Oct. 20 vs. Detroit Red Wings at Little Caesars Arena
Time: 7:30 p.m.
TV: NBC Sports Washington+
Radio: Capitals Radio 24/7, 106.7 The Fan
Washington Capitals 3-3-1
Detroit Red Wings 4-3-0
Exactly 43 years and one day after they played their first road game ever in the Motor City, the Caps head to Detroit for the first of their two road games against the Red Wings this season. On Friday night, the Caps will play at Little Caesars Arena – Detroit’s new downtown, multi-purpose arena – for the first time.
When Washington first traveled to Detroit for an Oct. 19, 1974 date with the Red Wings, the Wings played their home games at the fabled Olympia, which first opened for business in 1927. The Caps lost 39 of their 40 road games during that first season of 1974-75, so their 6-4 setback at the hands of the Wings that night – in Washington’s third road game of the young season – was hardly noteworthy, aside from Mickey Redmond’s hat trick, the first by any opponent against the Capitals.
The Wings moved to Joe Louis Arena in 1979, and the Caps made their final visit to that venerable hockey mecca on Feb. 18 of this year, falling 3-2 in a shootout in their first game back after the conclusion of their bye week.
Friday’s game against Detroit finds the Caps seeking some consistency in their game. Since starting the season with consecutive wins, the Caps have dropped four of their last five games (1-3-1). Most recently, Washington lost a 2-0 home ice decision to the Toronto Maple Leafs on Tuesday night. That loss saddled the Capitals with their first pair of consecutive home ice losses in regulation in more than two and a half years, since March 11-13, 2015.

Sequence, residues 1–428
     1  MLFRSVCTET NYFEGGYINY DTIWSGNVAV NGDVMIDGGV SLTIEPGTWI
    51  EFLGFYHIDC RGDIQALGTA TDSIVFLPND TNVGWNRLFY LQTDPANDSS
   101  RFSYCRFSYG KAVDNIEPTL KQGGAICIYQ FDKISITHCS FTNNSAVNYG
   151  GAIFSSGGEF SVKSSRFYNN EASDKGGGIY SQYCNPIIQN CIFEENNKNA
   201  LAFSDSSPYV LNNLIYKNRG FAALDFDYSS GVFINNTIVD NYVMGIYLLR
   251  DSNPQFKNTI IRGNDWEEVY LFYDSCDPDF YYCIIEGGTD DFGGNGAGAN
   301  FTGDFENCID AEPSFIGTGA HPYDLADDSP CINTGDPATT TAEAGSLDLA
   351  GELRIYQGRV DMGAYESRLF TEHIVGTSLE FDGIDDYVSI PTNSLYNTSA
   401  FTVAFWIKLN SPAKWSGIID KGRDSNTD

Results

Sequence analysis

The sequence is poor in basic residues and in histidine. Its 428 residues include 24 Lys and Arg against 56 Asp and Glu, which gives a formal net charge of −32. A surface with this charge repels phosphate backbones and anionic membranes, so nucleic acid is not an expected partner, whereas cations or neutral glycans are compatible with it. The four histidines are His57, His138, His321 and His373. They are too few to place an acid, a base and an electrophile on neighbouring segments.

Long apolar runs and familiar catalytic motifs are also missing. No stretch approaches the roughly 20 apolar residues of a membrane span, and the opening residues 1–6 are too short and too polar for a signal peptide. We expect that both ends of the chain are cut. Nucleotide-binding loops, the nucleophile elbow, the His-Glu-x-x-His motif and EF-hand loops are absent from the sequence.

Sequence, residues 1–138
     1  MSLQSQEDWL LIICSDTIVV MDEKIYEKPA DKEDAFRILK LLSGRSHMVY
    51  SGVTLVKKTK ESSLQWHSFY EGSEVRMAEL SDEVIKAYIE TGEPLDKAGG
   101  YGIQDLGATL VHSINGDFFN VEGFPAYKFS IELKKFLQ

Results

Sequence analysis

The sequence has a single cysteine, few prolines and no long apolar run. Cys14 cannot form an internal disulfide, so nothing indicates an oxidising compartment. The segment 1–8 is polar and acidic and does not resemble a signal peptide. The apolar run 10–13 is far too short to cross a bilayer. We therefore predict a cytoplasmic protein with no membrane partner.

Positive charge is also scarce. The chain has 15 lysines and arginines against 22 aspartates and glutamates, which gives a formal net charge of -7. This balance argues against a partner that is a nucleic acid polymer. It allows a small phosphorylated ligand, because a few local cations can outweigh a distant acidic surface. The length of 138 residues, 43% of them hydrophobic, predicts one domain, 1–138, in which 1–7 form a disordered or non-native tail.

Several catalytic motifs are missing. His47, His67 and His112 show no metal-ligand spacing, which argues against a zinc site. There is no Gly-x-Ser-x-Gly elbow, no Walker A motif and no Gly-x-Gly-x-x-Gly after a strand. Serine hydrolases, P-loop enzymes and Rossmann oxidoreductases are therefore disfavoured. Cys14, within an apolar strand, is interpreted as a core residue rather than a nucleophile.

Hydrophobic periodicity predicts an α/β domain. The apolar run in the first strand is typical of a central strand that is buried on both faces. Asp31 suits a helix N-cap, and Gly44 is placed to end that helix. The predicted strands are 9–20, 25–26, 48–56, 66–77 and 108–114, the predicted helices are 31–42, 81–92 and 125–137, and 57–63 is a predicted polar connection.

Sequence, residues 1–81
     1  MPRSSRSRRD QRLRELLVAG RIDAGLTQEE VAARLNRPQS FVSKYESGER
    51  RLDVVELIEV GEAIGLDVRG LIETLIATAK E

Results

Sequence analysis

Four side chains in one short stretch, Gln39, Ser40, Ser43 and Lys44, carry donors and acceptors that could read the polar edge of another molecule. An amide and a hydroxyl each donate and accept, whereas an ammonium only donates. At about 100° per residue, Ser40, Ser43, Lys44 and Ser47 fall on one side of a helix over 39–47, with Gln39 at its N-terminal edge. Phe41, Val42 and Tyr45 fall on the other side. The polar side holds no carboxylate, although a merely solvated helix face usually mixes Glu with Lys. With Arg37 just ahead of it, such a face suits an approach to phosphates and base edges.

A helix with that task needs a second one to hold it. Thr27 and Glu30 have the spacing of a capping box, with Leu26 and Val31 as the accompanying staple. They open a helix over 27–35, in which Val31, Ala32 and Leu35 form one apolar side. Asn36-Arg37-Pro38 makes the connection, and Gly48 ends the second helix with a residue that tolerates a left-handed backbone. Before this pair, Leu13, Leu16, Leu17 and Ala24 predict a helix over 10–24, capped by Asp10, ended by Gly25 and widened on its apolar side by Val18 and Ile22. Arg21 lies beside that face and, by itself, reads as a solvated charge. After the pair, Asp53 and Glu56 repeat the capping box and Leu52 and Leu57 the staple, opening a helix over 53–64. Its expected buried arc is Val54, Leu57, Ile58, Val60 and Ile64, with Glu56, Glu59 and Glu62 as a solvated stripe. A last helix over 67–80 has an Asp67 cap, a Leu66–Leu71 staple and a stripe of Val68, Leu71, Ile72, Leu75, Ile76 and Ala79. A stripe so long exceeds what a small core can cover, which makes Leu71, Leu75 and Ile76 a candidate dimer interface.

The loss to the Leafs constituted an improvement over the Caps’ previous game, an 8-2 spanking at the hands of the Flyers in Philadelphia. As the Caps try to work some new blood into their lineup – and in particular, on their blueline – they’re enduring some growing pains, which were expected.
With very little in the way of roster turnover from one season to the next, Washington was able to get out of the gate quickly in each of the last two seasons, and it didn’t face much adversity as those campaigns wore on. Two weeks into this season, it’s clear that things have changed.
“I think through the adversity and through the tough times, I think you get thicker skin,” says Caps right wing T.J. Oshie. “I think the more you have to go through together, the stronger you get as a team.
“The last couple of years, there were stretches there where we wouldn’t lose two games in a row for a long time. It’s a good feeling and it’s great, but sometimes I think a little adversity is good for you. Adversity is going to happen in the playoffs no matter who you play. It’s just the way the game works. There is not as much difference anymore between the team in first place and the team in eighth place. I think the gap is narrowing. So the more adversity you can deal with and you can learn to handle, I think the better.”